The company has initially focused its business on retrofitting HVAC systems, which are reportedly (but we can’t confirm a reliable primary source) responsible for 40% of global CO2 emissions. Turntide claims its retrofits for customers – Amazon, Five Guys, and Sprouts, among others – are driving average energy savings of 64% from their HVAC systems. How? For example, if a building is getting too hot or too cold, Turntide’s Smart Motor System can slow the speed of the motor, lowering the output of conditioned air and eliminating excess energy waste and consequently cost.
Turntide definitely pushes the ESG angle throughout its business, claiming that if the entire HVAC sector adopted its tech, global emissions from fossil fuels would drop by 10%. That’s something like adding seven new Amazon rainforests to the planet (another company trope) – or simply eliminating Amazon.com. While we haven’t seen the math behind the numbers, it’s obvious that Turntide’s smart electric motors are generating interest from some pretty smart money.
Update 03/02/2021: Turntide Technologies has raised $80 million in funding to expand the development and production of the Smart Motor System to meet growing demand, and extend its use into new applications such as refrigeration and pumping systems. This brings the company’s total funding to $207.1 million to date.
Hardware-Driven Smart Electric Motor
Whereas Turntide Technologies relies on the magical powers of software, a Texas startup founded by a father-and-son duo say they have invented a new type of smart electric motor. Founded in 2014, Linear Labs has raised about $82 million, though its $6 million venture round in October was the largest to date, as most of its capital came through a $69 million grant from the city of Fort Worth. The company was originally started by Brad and Fred Hunstable to help bring electricity and clean water to underdeveloped nations. The younger Hunstable, Brad, was the CEO of Ustream, a video streaming company that IBM acquired for $150 million in 2016.
An inventor and engineer who worked in nuclear energy, Dad (Fred) is the brains behind the Hunstable Electric Turbine (HET), which the company claims represents an “entirely new methodology in electric motors and generators in nearly 120 years.” Again, we’re MBAs and not mechanics, so here’s how Linear Labs explains its innovative design: The HUT is “based upon a breakthrough magnetic flux tunnel featuring both dual axial flux and dual radial flux rotors tied together around one stator, effectively creating four motors working as one.”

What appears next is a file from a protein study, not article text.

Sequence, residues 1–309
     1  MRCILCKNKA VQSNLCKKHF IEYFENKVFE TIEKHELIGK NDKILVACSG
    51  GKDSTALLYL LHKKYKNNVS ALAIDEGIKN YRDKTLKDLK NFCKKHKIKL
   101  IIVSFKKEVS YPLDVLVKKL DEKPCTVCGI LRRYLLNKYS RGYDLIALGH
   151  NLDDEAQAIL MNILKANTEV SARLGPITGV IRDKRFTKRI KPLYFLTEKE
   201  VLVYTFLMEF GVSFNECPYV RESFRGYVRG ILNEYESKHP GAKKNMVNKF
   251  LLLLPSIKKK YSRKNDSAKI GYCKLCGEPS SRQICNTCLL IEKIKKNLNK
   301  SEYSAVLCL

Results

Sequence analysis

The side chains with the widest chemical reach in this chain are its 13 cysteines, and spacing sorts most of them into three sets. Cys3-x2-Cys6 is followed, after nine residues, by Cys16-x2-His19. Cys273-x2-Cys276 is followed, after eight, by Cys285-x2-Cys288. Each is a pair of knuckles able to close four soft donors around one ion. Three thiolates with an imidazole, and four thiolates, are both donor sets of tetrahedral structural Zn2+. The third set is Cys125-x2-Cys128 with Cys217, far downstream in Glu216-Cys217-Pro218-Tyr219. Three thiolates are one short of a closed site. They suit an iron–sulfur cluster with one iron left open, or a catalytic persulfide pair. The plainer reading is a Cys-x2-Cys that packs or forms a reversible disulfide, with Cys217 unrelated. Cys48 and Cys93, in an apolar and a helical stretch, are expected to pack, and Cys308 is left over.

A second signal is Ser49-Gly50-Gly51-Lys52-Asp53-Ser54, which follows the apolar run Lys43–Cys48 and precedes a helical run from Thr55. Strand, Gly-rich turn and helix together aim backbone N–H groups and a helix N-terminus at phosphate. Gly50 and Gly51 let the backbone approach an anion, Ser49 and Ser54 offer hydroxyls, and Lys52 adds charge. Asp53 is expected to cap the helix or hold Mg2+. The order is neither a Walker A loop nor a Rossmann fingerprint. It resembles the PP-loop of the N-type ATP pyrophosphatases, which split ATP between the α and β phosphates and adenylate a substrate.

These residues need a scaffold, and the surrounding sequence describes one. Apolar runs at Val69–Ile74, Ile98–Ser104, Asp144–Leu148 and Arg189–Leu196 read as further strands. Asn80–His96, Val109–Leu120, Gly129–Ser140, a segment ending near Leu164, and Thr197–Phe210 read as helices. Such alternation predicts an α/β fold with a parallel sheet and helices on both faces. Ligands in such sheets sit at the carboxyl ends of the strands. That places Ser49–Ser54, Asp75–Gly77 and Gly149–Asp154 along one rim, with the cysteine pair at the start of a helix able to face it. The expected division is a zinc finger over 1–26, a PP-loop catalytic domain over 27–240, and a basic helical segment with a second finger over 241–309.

While it sounds like you could use the HET to travel back to the future, the takeaway message is that the Hunstables claim their electric motor can generate two to five times the torque of existing motors or generators of similar size based on their design. Electrical engineers can read the technical details in an article on the HET motor by IEEE Spectrum Magazine, which does provide a better layperson’s explanation of the smart electric motor’s design:
Unlike typical designs, the synchronous DC motor has no superfluous end windings, so 100 percent of its copper material goes into energy conversion. A typical motor’s copper content could be reduced by 30 percent while generating equivalent torque, the Hunstables say. So for a given torque level, the HET consumes significantly less energy than competing designs.
Like Turntide, Linear Labs is eyeballing a range of industries, including the HVAC sector, though initially it appears the startup is targeting the micromobility and last-mile markets such as electric scooters and drones, as well as the larger EV market.
Sometimes you don’t know what’s around you until you look around. If companies like Turntide Technologies and Linear Labs can really produce an electric motor that’s better and cheaper than today’s technology, then they could help ignite a real LED-type disruption in one of the oldest and most ubiquitous industrial components around today. It’s now always the sexiest car that wins the race, after all.